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TL:DR – A Singaporean-registered Altis and a Trans cab travel on the fast lane of the causeway, but only the Altis gets apprehended by the Malaysian police. There are no shortcuts in life. Likewise, in recent times, there have been no shortcuts on the causeway. If you’re sick and tired of waiting in the queue, you can always try your luck on the fast lane. You might get away with it, and you might not. Just like these two vehicles in the 43-second video below. What happened? A Trans Cab followed by a red Altis cuts into the car lane from the fast lane of the causeway. The Trans cab successfully merges into the queue, whereas the Altis did not have much luck as three officers eventually surrounded it. Unspoken rule I was very curious as to how the Taxi managed to evade capture. Some of my colleagues mentioned that public transport (buses and taxis) could travel on the fast lane. I even saw some comments that supported this claim. I tried to search online for material that could further support this hypothesis, but I found myself hitting dead ends. No official document from any authoritative body states that taxis are allowed to use the fast lane. So, I’m still stuck with my question of “HOW?” Maybe the comments section can enlighten me. Online Chatter It looks like netizens are as confused as I am. What is a lucky escape? Or a ‘close one eye’ situation for taxis? ========= Be the first to get the latest road/ COE news and get first dibs on exclusive promos and giveaways in our Telegram SGCM Community. Join us today!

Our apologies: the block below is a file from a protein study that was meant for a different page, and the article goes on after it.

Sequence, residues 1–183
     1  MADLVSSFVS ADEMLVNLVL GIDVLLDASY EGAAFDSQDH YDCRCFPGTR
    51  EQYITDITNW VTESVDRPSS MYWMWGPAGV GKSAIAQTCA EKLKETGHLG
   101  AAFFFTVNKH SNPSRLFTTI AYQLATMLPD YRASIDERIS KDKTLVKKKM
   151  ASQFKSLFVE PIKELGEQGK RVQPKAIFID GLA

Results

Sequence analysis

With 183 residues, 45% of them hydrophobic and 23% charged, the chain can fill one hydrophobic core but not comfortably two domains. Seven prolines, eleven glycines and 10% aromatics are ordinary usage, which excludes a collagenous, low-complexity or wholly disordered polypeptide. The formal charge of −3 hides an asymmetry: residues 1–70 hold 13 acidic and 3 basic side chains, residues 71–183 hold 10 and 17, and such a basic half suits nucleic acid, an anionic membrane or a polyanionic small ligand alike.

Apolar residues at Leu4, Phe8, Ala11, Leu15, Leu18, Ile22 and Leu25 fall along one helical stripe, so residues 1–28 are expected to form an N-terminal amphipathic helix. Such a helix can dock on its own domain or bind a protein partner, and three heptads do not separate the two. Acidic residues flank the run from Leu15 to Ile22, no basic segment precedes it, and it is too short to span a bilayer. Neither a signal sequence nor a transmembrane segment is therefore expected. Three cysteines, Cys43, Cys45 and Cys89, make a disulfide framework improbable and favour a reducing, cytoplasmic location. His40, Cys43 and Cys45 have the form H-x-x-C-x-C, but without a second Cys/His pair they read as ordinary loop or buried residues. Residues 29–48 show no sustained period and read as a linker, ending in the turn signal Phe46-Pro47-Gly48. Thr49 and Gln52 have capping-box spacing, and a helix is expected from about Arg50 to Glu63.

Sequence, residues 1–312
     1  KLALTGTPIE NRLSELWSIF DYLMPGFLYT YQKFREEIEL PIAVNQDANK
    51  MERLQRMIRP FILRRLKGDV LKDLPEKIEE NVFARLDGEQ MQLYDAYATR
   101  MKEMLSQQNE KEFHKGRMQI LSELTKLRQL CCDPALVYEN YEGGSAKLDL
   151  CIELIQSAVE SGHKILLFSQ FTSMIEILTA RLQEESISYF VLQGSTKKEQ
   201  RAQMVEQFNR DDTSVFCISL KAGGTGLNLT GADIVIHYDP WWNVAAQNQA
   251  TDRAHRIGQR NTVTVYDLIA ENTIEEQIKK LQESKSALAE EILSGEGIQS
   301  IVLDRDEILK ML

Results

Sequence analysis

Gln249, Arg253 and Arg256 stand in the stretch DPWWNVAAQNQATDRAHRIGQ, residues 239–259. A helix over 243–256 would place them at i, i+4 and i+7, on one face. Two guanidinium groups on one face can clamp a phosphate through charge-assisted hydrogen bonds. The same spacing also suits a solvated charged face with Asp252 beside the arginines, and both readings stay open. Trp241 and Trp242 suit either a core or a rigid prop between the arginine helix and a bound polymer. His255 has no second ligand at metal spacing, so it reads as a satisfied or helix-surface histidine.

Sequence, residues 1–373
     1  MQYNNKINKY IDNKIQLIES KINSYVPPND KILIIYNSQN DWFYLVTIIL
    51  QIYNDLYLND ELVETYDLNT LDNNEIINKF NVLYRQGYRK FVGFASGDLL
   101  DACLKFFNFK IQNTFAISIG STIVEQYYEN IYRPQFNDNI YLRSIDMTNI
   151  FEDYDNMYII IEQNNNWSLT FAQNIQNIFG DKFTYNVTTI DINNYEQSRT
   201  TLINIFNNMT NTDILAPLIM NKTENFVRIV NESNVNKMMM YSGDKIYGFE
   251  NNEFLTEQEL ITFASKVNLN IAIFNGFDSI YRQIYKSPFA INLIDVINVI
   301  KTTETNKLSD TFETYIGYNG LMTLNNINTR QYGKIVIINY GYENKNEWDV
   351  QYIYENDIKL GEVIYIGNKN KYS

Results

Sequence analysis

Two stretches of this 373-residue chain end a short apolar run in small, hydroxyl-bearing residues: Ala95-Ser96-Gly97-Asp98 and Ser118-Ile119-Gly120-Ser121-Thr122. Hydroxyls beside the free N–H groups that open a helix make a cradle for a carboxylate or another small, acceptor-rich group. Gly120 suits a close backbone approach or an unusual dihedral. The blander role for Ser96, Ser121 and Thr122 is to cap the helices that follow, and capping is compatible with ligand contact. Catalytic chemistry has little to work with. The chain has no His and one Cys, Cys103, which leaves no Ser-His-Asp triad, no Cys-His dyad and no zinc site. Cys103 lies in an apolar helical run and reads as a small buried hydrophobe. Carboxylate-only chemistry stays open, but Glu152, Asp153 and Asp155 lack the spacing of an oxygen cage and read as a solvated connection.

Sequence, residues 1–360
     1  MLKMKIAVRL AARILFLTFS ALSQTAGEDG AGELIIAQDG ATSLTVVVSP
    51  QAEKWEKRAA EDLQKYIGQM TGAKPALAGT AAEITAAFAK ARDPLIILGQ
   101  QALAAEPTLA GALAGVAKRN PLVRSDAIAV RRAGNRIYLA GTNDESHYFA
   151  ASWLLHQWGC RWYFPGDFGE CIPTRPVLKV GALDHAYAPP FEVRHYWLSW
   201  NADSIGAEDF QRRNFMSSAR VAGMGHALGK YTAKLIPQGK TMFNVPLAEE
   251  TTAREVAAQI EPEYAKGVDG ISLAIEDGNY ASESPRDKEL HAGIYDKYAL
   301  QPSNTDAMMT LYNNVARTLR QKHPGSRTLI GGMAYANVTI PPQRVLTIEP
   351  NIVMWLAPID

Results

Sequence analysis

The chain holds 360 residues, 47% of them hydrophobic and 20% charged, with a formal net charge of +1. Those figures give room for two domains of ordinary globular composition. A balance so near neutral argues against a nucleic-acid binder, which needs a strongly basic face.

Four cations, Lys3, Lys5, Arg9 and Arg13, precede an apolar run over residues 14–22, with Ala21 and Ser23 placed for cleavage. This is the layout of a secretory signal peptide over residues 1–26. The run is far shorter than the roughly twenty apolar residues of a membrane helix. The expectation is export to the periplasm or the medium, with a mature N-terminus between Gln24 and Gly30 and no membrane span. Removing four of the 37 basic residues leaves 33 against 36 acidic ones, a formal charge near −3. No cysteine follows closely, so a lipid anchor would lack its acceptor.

I notice to cut into the bus lane into Plaza Singapura where once I had turned from Buyong Road to Orchard Road especially passed by the Istana. Like not much distance to play in which that one is a Full Day Bus Lane.